Scary how Roberts is willing to knowingly lie to further his agenda though.
    Scary, but hardly surprising. He'll give 'em what they want 85 percent of the time. Same with scalito.

    Re: Supreme Court Voids Search Over Consent Issue (none / 0) (#23)
    by kdog on Wed Mar 22, 2006 at 03:57:31 PM EST
    Any thoughts as to why that might be?
    Perhaps more politics being played on the court, and less strict interpretation of the law.

    Re: Supreme Court Voids Search Over Consent Issue (none / 0) (#24)
    by swingvote on Wed Mar 22, 2006 at 04:25:36 PM EST
    Perhaps more politics being played on the court, and less strict interpretation of the law. I would say it's too much politics being played in the court, in terms of politically motivated cases, and too much politics being played by the court, in terms of justices getting involved in political issues. There also seems to be a serious personality issue on the court these days, which is only fed by all the obsessing over "conservative" and "liberal" justices.

    Re: Supreme Court Voids Search Over Consent Issue (none / 0) (#25)
    by Molly Bloom on Wed Mar 22, 2006 at 04:32:30 PM EST
    Enjoy these kind of victories while you can folks. There's a new rightwing world view coming when Scalito joins in
    Scalito at worst makes it 5-4, but same out come.

    Re: Supreme Court Voids Search Over Consent Issue (none / 0) (#27)
    by roy on Wed Mar 22, 2006 at 05:59:00 PM EST
    Come on guys, quit lambasting one of the smartest men in the public sphere for writing a legally correct, eloquent dissent.
    It's the Supreme Court. The dissent is, by definition, not legally correct.

    It's the Supreme Court. The dissent is, by definition, not legally correct.
    The argument, however, is legally accurate. There is nothing incorrect in what he advanced.

    The argument, however, is legally accurate. There is nothing incorrect in what he advanced.
    Tell me, which part do you think is more brilliant and "legally accurate" (ignoring for the moment the vacuousness of such a description): the comparison of the police attempting to conduct a warrantless search to a friend showing up for a birthday party, or the willfully false invocation of domestic abuse, which Justice Souter easily smacked down? Because unless you were reading the Bizarro World version of the decision, the domestic abuse red herring was neither legally correct nor accurate, since it, you know, ignored the law. And Chief Justice Roberts knows that perfectly well (See? I give him credit for being intelligent.).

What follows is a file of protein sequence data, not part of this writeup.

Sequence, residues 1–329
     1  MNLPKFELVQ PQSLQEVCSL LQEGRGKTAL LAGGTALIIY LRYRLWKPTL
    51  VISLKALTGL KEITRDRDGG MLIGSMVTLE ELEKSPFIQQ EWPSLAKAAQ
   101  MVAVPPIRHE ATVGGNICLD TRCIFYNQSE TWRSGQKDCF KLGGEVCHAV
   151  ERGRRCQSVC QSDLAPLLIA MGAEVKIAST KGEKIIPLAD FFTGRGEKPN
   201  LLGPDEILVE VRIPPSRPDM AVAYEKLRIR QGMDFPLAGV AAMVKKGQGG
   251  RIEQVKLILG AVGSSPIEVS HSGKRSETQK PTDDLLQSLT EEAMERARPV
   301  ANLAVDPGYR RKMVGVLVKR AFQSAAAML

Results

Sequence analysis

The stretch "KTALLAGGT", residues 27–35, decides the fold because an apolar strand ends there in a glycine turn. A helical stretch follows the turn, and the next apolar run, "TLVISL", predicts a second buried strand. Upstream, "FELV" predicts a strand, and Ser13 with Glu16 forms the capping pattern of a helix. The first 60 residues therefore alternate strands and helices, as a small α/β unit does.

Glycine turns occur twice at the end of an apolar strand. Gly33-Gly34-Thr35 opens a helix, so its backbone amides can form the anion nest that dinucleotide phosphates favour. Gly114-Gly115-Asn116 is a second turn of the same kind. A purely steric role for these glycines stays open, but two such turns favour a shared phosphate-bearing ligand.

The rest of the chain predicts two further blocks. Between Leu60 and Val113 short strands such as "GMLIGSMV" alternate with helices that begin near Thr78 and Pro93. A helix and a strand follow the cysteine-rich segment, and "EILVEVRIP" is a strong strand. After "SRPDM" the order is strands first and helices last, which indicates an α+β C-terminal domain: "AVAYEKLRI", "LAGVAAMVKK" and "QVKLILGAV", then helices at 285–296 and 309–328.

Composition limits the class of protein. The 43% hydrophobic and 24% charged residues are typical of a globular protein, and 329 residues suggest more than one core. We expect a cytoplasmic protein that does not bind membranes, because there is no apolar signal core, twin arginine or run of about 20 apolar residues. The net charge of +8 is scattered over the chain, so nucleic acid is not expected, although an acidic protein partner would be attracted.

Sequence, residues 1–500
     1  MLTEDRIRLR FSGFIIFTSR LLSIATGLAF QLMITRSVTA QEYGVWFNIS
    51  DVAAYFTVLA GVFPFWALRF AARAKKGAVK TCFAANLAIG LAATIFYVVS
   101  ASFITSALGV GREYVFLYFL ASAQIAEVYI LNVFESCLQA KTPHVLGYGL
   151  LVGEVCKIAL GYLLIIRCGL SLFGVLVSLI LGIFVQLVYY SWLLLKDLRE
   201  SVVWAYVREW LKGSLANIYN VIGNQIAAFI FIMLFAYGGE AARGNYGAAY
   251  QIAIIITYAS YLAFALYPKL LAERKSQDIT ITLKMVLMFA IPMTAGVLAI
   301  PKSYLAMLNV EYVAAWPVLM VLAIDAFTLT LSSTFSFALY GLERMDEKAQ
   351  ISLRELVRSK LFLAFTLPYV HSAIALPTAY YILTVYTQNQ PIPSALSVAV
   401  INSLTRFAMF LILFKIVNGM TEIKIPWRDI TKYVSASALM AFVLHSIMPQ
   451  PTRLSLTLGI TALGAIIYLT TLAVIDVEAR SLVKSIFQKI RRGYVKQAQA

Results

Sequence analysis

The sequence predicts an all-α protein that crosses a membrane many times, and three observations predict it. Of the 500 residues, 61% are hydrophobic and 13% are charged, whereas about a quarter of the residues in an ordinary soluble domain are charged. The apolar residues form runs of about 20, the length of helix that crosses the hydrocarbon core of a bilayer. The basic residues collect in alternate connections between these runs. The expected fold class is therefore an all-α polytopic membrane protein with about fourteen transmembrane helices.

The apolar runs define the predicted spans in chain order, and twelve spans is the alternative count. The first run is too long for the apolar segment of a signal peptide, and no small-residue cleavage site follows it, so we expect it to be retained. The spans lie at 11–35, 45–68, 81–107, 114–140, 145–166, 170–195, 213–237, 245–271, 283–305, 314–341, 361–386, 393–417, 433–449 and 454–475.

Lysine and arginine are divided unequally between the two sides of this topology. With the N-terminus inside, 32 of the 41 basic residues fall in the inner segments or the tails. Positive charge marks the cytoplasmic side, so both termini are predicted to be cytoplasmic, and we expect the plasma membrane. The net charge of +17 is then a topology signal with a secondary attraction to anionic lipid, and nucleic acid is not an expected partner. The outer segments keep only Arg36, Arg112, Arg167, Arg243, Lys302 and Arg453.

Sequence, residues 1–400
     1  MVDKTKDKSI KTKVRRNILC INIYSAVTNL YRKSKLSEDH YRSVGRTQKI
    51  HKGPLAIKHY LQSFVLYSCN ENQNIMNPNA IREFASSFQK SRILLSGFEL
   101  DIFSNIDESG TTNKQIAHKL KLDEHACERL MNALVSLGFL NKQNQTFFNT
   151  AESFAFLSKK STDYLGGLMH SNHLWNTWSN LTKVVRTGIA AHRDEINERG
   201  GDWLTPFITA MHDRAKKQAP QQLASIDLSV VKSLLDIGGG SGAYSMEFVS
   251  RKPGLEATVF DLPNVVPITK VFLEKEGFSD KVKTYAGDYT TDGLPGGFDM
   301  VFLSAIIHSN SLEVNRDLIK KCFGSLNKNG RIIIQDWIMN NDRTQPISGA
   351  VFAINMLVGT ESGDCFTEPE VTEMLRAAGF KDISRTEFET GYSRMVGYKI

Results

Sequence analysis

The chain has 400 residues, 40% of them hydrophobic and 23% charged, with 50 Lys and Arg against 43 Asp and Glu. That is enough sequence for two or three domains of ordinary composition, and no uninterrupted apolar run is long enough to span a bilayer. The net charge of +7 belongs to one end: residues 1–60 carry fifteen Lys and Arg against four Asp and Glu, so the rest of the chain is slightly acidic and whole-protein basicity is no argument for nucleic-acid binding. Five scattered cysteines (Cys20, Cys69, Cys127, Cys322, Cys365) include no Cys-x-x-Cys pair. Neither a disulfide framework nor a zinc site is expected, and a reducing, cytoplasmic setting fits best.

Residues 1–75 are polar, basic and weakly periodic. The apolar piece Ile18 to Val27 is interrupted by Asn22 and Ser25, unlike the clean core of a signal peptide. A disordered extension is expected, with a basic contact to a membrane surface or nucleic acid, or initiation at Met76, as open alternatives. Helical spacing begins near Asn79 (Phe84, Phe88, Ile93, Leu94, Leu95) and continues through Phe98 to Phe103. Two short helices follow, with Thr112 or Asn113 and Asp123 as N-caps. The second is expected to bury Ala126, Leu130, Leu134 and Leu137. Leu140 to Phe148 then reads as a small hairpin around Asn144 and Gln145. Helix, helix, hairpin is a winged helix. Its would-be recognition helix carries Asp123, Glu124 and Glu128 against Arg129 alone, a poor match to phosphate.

I would say it's too much politics being played in the court, in terms of politically motivated cases, and too much politics being played by the court, in terms of justices getting involved in political issues.
    Such as? For example? Do go on.
    There also seems to be a serious personality issue on the court these days, which is only fed by all the obsessing over "conservative" and "liberal" justices.
    What the hell are you talking about! Just what is your basis, your foundation, for any of this, sheep entrails! Just what evidence do you have that there is "a serious personality issue on the Court these days?" Which Justices does it involve? Is it limited to them or is it widespread? What is your source for this information? Is it verifiable? Have you confirmed it? Furthermore, what evidence do you have that said "serious personality issue" is only fed by "all the obsessing over 'conservative' and 'liberal' Justices?" Do you have anything solid, JP, or are you just pullin' your usual caper and trying to pretend you know what the hell you're talking about?

    Re: Supreme Court Voids Search Over Consent Issue (none / 0) (#31)
    by joejoejoe on Wed Mar 22, 2006 at 07:28:35 PM EST
    Consent by one party is not sufficient for sexual intercourse. Why should it be so in search of a home? Or does Roberts think rape is impossible if one party agrees to the act? Of course that is an outrageous view but it's logically consistent with Roberts' dissent. Consent is not some least-common denominator obstacle to law enforcement that can be forfeited based on selecting whichever of two claims is more favorable to government in a given case. Justice Souter rightly keeps the power with the individual denying consent and does not invent a "tie goes to the government" clause for the 4th Amendment as Umpire Roberts suggests.